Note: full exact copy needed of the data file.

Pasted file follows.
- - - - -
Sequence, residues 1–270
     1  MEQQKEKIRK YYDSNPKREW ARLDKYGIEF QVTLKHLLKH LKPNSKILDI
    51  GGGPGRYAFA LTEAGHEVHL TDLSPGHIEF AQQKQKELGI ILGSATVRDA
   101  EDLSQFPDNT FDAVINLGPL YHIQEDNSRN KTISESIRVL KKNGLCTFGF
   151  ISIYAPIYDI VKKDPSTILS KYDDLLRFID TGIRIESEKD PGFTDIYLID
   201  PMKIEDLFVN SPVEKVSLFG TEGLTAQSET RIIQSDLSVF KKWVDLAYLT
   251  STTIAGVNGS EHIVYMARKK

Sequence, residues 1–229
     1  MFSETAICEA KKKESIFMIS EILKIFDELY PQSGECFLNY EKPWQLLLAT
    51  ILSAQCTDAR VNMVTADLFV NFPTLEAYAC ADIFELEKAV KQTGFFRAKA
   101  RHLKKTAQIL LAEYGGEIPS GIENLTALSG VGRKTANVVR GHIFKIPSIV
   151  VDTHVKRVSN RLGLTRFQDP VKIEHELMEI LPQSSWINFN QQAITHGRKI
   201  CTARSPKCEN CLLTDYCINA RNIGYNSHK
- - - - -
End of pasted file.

Sequence, residues 1–270
     1  MEQQKEKIRK YYDSNPKREW ARLDKYGIEF QVTLKHLLKH LKPNSKILDI
    51  GGGPGRYAFA LTEAGHEVHL TDLSPGHIEF AQQKQKELGI ILGSATVRDA
   101  EDLSQFPDNT FDAVINLGPL YHIQEDNSRN KTISESIRVL KKNGLCTFGF
   151  ISIYAPIYDI VKKDPSTILS KYDDLLRFID TGIRIESEKD PGFTDIYLID
   201  PMKIEDLFVN SPVEKVSLFG TEGLTAQSET RIIQSDLSVF KKWVDLAYLT
   251  STTIAGVNGS EHIVYMARKK

Sequence, residues 1–229
     1  MFSETAICEA KKKESIFMIS EILKIFDELY PQSGECFLNY EKPWQLLLAT
    51  ILSAQCTDAR VNMVTADLFV NFPTLEAYAC ADIFELEKAV KQTGFFRAKA
   101  RHLKKTAQIL LAEYGGEIPS GIENLTALSG VGRKTANVVR GHIFKIPSIV
   151  VDTHVKRVSN RLGLTRFQDP VKIEHELMEI LPQSSWINFN QQAITHGRKI
   201  CTARSPKCEN CLLTDYCINA RNIGYNSHK